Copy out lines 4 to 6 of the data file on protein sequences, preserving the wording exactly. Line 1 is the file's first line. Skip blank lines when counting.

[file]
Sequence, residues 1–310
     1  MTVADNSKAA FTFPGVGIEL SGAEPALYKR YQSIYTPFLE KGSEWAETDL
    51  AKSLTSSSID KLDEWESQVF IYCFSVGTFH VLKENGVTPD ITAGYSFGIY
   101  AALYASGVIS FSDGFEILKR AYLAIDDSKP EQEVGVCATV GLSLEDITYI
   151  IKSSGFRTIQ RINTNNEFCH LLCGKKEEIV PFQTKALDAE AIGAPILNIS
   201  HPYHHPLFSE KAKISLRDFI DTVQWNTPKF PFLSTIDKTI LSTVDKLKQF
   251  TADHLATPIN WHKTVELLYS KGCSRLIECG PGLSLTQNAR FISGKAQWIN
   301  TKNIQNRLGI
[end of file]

   101  AALYASGVIS FSDGFEILKR AYLAIDDSKP EQEVGVCATV GLSLEDITYI
   151  IKSSGFRTIQ RINTNNEFCH LLCGKKEEIV PFQTKALDAE AIGAPILNIS
   201  HPYHHPLFSE KAKISLRDFI DTVQWNTPKF PFLSTIDKTI LSTVDKLKQF